Full results are here.

Vonn, 33, broke Austrian Elisabeth Goergl‘s record as the oldest woman to win a World Cup downhill. Goergl is still the oldest winner for any World Cup race, taking a super-G in 2014 at nearly 34 years old.

Vonn, already an Olympic medal favorite in downhill and super-G, won her first downhill since Jan. 21, 2017.

She had raced eight downhills in between with four podium finishes, including taking second to Italian Sofia Goggia on Friday in Cortina. Goggia failed to finish Saturday.

The World Cup continues with a super-G in Cortina on Sunday (5:30 a.m. ET, Olympic Channel: Home of Team USA, NBCSports.com/live and the NBC Sports app).

“Mentally, I feel like it’s the first podium I ever got,” Vonn said. “Back in 2004, I feel the same. I have the same motivation, the same drive, the same excitement. I love going fast. That’s never changed. The only thing that’s changed is my body is not as good as it once was, but that doesn’t mean that I can’t still win.

“I’ll keep going until my poor little knee gives out.”

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VIDEO: Shaun White scores perfect 100 to qualify for Olympics

IOC approves unified Korea Olympic team, 22 North Korean athletes

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North and South Korean athletes will compete on the same team at the Olympics for the first time, while the IOC approved 22 North Koreans to compete overall in PyeongChang.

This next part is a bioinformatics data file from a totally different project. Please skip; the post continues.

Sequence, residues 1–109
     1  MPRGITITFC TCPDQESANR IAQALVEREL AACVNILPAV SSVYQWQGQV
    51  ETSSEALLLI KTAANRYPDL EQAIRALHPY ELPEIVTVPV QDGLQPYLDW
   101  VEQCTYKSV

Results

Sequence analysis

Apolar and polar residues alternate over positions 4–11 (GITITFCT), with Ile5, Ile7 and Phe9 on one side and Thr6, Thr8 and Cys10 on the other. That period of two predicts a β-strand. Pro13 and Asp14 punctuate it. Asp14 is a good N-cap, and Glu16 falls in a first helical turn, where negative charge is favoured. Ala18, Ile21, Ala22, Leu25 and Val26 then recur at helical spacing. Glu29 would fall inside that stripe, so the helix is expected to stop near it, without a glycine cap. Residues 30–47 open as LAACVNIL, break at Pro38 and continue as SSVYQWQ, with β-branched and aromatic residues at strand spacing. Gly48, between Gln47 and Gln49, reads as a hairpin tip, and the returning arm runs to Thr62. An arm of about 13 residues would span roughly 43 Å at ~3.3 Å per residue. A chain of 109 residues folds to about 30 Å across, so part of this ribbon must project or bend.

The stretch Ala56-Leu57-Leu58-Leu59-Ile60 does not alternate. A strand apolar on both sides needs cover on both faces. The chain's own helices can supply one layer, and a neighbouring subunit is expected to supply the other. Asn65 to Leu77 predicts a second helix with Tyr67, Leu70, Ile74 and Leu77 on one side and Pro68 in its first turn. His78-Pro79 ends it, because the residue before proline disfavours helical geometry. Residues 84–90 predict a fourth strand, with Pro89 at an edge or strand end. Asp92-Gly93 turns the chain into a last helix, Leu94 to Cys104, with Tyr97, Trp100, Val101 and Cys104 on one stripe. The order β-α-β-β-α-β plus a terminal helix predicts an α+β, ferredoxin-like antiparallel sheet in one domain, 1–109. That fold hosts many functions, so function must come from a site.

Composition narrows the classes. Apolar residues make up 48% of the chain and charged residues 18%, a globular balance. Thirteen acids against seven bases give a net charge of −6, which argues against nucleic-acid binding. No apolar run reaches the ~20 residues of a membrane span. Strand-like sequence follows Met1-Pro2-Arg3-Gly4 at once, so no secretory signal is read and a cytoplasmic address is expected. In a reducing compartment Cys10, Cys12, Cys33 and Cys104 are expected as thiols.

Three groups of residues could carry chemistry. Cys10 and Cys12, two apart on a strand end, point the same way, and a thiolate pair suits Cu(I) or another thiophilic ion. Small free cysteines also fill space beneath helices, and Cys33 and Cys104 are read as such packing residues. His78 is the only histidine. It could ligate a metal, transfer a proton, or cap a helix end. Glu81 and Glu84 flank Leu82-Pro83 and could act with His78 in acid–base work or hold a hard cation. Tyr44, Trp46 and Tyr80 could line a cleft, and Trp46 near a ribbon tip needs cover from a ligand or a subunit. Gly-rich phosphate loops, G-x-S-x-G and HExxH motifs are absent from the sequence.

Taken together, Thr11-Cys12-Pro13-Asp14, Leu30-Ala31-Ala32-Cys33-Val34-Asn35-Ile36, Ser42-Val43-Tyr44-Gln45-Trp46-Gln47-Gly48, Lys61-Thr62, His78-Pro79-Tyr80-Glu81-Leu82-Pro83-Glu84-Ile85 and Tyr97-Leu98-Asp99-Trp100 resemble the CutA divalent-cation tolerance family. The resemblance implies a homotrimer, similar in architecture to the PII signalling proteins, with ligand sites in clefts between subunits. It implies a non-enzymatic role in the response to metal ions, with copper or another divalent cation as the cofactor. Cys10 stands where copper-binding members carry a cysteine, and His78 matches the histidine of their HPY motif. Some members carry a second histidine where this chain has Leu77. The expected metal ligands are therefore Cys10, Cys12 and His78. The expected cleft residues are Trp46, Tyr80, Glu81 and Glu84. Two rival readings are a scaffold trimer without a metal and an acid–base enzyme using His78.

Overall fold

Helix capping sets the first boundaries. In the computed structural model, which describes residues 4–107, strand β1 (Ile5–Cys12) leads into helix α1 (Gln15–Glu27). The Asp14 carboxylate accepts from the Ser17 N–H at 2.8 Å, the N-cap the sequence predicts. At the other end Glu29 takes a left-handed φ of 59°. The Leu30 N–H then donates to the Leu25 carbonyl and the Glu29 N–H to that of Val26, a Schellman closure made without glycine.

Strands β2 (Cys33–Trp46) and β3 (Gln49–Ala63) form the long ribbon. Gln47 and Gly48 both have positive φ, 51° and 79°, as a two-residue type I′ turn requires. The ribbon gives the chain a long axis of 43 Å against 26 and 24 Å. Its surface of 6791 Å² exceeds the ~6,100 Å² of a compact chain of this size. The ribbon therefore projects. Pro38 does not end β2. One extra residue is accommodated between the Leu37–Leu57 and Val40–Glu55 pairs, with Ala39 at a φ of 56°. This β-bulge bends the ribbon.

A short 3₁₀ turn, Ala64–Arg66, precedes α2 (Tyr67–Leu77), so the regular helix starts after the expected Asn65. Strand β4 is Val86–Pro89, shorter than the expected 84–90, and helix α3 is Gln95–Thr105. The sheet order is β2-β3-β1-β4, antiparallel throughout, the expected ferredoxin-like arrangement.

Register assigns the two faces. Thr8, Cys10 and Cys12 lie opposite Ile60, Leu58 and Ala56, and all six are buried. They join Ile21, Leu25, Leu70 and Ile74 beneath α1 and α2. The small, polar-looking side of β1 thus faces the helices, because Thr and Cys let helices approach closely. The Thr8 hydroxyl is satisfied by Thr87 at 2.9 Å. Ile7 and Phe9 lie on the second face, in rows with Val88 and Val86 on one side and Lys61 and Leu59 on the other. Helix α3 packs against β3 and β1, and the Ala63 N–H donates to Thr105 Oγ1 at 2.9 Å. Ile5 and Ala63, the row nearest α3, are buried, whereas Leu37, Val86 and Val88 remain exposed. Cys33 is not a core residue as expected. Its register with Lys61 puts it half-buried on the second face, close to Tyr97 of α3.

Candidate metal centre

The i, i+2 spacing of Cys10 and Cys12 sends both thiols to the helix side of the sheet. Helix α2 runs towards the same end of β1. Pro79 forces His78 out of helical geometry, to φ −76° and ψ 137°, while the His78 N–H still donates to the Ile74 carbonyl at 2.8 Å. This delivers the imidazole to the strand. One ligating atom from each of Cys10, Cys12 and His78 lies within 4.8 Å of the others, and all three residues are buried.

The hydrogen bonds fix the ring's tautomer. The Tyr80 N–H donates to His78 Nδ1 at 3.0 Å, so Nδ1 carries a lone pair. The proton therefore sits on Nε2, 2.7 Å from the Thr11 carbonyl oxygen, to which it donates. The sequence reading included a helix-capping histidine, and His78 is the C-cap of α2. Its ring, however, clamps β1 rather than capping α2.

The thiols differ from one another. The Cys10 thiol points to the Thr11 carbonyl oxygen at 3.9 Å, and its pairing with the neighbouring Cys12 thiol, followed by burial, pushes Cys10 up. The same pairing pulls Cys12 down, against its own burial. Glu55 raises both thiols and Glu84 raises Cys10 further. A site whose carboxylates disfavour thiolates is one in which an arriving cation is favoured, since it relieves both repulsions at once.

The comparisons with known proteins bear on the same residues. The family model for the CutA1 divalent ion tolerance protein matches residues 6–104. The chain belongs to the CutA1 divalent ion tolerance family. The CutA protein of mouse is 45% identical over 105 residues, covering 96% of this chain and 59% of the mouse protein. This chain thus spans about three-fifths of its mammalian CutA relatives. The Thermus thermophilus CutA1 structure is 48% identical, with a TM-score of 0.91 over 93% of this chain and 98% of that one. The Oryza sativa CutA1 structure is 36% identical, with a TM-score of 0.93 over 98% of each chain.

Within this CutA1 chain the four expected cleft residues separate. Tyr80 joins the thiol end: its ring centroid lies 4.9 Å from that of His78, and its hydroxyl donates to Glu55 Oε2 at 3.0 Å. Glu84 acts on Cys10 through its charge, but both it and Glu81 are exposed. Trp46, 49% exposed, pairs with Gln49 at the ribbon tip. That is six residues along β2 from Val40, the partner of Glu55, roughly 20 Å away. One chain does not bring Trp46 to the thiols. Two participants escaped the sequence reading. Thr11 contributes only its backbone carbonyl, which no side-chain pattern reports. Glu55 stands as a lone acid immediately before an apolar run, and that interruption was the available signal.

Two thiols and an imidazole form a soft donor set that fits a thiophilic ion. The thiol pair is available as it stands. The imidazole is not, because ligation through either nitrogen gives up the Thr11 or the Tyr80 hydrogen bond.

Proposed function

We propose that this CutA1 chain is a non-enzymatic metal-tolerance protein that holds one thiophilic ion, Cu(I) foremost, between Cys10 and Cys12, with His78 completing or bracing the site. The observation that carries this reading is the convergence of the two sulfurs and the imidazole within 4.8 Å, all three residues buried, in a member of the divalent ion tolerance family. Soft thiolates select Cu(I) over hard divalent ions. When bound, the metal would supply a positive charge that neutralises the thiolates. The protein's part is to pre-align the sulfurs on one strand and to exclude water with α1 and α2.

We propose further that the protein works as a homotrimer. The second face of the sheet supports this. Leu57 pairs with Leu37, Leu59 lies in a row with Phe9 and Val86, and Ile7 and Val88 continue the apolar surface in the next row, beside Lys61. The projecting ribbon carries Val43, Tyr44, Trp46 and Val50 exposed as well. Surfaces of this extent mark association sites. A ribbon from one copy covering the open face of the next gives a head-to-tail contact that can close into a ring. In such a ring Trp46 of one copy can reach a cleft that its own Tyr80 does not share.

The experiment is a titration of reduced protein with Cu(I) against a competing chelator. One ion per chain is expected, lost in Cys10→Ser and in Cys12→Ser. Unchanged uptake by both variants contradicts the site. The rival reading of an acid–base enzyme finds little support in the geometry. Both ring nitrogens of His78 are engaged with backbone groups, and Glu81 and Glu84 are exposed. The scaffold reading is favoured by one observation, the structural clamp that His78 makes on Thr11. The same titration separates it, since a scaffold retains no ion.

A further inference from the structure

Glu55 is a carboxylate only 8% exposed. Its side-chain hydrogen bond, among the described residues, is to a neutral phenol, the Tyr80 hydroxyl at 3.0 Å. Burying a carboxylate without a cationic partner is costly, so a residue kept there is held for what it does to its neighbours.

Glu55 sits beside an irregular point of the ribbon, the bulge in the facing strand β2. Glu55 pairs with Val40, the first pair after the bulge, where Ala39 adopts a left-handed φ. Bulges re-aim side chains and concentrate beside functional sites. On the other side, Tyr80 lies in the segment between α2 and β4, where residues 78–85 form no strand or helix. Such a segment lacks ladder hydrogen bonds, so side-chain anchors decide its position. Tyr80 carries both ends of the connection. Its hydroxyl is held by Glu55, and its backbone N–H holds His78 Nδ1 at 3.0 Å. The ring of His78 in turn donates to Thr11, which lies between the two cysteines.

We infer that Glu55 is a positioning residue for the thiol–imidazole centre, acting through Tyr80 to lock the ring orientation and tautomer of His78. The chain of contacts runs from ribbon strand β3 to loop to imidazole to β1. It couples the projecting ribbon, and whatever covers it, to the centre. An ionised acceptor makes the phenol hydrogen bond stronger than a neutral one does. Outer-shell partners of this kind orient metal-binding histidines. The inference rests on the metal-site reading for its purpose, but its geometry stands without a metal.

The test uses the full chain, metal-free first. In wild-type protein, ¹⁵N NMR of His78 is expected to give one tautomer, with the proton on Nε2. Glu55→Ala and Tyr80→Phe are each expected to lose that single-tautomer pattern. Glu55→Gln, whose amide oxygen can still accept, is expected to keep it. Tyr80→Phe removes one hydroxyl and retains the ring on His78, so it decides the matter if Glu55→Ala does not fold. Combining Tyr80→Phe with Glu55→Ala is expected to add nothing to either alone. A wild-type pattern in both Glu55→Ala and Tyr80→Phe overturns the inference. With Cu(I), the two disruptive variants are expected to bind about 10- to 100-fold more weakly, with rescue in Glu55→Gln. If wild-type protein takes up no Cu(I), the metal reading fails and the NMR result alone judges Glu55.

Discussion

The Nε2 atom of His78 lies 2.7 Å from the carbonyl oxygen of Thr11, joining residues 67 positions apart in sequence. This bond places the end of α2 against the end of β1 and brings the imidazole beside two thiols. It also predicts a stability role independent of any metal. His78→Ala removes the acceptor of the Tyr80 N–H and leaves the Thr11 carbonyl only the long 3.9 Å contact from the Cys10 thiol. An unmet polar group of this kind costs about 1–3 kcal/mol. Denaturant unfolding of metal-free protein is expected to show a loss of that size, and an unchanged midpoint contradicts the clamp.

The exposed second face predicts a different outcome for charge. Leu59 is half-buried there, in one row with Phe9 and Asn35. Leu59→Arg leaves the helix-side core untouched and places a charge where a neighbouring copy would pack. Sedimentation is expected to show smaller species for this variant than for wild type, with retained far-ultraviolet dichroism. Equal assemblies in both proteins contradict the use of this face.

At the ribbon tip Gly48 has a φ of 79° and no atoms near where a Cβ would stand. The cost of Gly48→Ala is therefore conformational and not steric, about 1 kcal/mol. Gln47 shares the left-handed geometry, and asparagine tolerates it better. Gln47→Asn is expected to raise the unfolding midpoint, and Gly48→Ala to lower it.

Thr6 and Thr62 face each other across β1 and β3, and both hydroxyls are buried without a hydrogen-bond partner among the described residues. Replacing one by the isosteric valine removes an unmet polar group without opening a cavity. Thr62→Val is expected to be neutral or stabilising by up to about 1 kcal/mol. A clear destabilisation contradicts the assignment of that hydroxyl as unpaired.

The IOC on Saturday approved the Koreas’ agreement to field a unified women’s hockey team and to march together in the Opening Ceremony behind the Korean Unification flag.

Twelve North Koreans have been added to the South Korean women’s hockey team. The other North Korean athletes will compete in figure skating, Alpine skiing, cross-country skiing and short track speed skating.

Full details are here.

“Today marks a milestone on a long journey,” IOC president Thomas Bach said. “Since 2014, the IOC has addressed the special situation of having the Olympic Winter Games 2018 on the Korean Peninsula. Until today, we met separately with the parties on a bilateral basis to address an often fast-changing political situation in a comprehensive way. Today is therefore a great day because the Olympic Spirit has brought all sides together. This was not an easy journey.”

At the Opening Ceremony on Feb. 9, one North Korean and one South Korean will carry the flag in the Parade of Nations. The Koreas previously marched together at the Opening Ceremonies in 2000, 2004 and 2006.

The hockey team will compete as “Korea,” under the unification flag and using the song “Arirang” as its anthem. North Koreans will compete under their own flag in all other sports.

North Korea did not qualify any spots for the Olympics, but the IOC had power to offer special invitations.

“Such an agreement would have seemed impossible only a few weeks ago,” Bach said. “The Olympic Winter Games PyeongChang 2018 are hopefully opening the door to a brighter future on the Korean peninsula.”

The 22 North Korean athletes mark more North Koreans at a Winter Olympics than the last six Winter Games combined.

North Korea had zero athletes in 2014 and two in 2010.

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MORE: South Korea Olympic hockey rosters have North American flavor